Reenacting the Vietnam War (Part 1/2)

Uploaded by vice on 03.01.2013


THOMAS: Fuck me.
Damn it.
Get in.
THOMAS: For those of us who weren't there, man, the
Vietnam War has always been forbidden territory--
a searing national void whose depths and horror we can never
know outside of grisly Fogerty scored movies and Mark Baker's
"Nam." Even playing Vietnam as kids seemed off limits unless
you did it under the auspices of Rambo.
To full on reenact it would be the ultimate heresy, a slap in
the face of all the vets who died or were captured in the
US military's first defeat, right?
But they do it in North Carolina.
And you know who does it?
Other vets and a bunch of regular reenactors.
I think, uh.
I think we're ready for war.

Over the last 50 years, war reenactment has gone from
something Elks lodges did on the weekend as an excuse to
get away from their wives, to an obsessive pastime where
hardcore reenactors spend their entire free time
shopping, sewing, and researching to make the
experience as true to life as possible.
As the intensity of the reenactments has grown, the
wars reenacted have raced forward in time, from the old
favorites of the Revolutionary and Civil War, to World War I,
World War II, and every so often Korea.

Vietnam, however, is tricky.

For starters there weren't really battles.
Most of the fighting was done on an ad hoc day by day and
night by night basis.
To solve this problem, the reenactors we're with built a
mock firebase out somewhere in the shit, picked an arbitrary
year in the war, and just dedicated themselves to
defending it from Viet Cong assault all night.
Are you still in the service?
RUDY SCHULZ: No, I retired in 2005.
I was in the Army.
I got restarted in reenacting.
I missed the camaraderie.
But once you get out there and you get the feel for it, it's
like, wow these guys were studs.
THOMAS: Even just a little, little taste of it.
RUDY SCHULZ: Just a couple of days.
And these guys were out there for 40 days, 50 days in the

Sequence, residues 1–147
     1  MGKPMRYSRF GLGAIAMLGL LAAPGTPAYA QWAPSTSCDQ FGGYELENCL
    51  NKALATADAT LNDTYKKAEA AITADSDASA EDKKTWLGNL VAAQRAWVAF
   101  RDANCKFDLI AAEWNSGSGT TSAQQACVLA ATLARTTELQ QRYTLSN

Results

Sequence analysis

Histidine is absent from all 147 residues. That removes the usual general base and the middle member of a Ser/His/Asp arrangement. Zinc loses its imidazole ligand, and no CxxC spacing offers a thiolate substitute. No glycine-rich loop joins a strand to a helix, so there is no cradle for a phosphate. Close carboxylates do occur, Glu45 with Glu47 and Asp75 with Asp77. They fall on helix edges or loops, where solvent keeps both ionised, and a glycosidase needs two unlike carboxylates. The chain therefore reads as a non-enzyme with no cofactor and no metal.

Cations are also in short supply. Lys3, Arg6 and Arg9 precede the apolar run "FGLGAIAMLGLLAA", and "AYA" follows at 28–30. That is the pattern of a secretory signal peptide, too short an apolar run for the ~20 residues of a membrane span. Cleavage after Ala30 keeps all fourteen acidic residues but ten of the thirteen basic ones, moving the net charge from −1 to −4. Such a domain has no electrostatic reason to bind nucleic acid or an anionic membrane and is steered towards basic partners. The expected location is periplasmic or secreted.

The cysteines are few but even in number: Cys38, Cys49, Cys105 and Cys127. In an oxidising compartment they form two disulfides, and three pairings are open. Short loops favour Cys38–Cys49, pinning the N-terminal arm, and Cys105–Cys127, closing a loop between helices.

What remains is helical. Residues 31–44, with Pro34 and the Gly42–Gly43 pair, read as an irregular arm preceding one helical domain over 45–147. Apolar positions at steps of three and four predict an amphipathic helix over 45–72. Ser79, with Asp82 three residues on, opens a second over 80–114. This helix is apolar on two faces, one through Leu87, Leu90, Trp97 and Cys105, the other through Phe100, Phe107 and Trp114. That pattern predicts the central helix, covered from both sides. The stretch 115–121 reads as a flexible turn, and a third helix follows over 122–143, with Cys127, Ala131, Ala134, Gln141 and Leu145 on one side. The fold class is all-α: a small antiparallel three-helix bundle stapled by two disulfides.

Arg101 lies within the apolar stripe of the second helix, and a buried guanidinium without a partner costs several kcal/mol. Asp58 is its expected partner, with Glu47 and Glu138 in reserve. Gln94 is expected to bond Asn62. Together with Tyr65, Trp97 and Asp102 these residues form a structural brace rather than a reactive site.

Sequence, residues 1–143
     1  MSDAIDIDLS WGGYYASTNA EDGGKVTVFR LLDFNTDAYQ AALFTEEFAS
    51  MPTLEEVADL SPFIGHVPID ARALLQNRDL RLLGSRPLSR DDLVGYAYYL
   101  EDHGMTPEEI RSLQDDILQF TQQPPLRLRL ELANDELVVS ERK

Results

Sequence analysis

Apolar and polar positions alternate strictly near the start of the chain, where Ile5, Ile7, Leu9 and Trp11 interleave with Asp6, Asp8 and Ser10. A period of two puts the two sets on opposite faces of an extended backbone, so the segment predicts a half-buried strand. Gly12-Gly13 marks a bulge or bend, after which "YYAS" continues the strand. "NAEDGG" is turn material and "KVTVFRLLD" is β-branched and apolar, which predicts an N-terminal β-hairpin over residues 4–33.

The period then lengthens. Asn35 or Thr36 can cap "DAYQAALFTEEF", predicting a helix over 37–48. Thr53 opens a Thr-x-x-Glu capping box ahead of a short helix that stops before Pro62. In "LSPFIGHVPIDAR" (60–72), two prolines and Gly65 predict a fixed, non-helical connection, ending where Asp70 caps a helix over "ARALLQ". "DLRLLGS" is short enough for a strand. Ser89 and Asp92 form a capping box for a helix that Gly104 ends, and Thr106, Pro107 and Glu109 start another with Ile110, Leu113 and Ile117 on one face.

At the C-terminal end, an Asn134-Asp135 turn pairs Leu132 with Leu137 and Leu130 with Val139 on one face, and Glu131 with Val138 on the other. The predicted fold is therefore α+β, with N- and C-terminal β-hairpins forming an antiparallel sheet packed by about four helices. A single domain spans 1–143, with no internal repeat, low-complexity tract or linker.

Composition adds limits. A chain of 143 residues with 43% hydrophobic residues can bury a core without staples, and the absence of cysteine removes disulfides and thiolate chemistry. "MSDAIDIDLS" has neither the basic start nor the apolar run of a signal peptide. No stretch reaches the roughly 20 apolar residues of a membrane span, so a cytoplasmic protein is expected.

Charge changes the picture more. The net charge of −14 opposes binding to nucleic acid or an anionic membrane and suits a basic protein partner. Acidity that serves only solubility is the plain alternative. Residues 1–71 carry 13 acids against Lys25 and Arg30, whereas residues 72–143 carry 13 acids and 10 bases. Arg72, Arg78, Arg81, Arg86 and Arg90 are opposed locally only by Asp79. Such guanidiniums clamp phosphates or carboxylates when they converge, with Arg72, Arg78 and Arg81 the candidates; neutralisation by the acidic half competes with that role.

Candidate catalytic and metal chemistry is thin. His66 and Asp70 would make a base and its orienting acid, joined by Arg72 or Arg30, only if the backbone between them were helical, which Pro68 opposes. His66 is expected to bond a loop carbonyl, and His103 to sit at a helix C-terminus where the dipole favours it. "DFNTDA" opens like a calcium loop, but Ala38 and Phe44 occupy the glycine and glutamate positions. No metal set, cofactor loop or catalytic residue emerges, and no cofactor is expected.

snow, nothing.
And you're like, wow it sucked for two days.
They had to do it for a month.
You know, war sucks.
It's true nobody wants to do it.
THOMAS: Well, except kind of, you guys for fun.
RUDY SCHULZ: It's true.
THOMAS: Well, cool.
Thank you very much.
RUDY SCHULZ: Oh, you're welcome.
THOMAS: Good luck on recon.

Then there's the issue of finding someone to play the
In our case, the reenactors just grabbed a bunch of kids
from the local college and surrounding towns, which is
kind of how Ho Chi Minh did it when you think about it.

This isn't your first reenactment though?
CHRIS EVANS: I've been reenacting
since I was about 15.
How did you end up as Charlie on this little foray?
CHRIS EVANS: Well, to put it blank, you can't play Cowboys
and Indians without Indians if you understand my meaning.
You got to have both sides to do something like this, and
we're just more willing to do both sides.

THOMAS: So you're NVA?
THOMAS: Right.
OK Like is there any sort of particular
attraction to Vietnam?
Like does that resonate with you in a particular way?
My great uncle was a First Lieutenant
in a Calvary Division.
Does he know you're doing this, this weekend?
He doesn't know I'm doing this.
I don't think he'd be very happy if he did.
THOMAS: So I'm supposed to be, basically, a civilian reporter
I guess I'm kind of half-dressed right now.
How am I doing though, so far?
ZACK SEVER: I mean, you're doing pretty good.
The reporters would be out there in the army OD greens
wearing helmets.
They would have a big old PRESS written on and around
their helmet.
THOMAS: That's what I need.
ZACK SEVER: They'd have a--
THOMAS: Instead of a goth band from the '80s button.
THOMAS: Hey, thank you so much man.
No problem.
THOMAS: Happy hunting today.
ZACK SEVER: Thank you.
THOMAS: All right.
Tape rolling.
Good morning, Vietnam.
We are outside a firebase.
The men you see milling behind me are
members of the 89th Infantry.
I don't know if the rest of this unit has gotten up and
gotten dressed.
It feels like they're taking a collegiate Saturday approach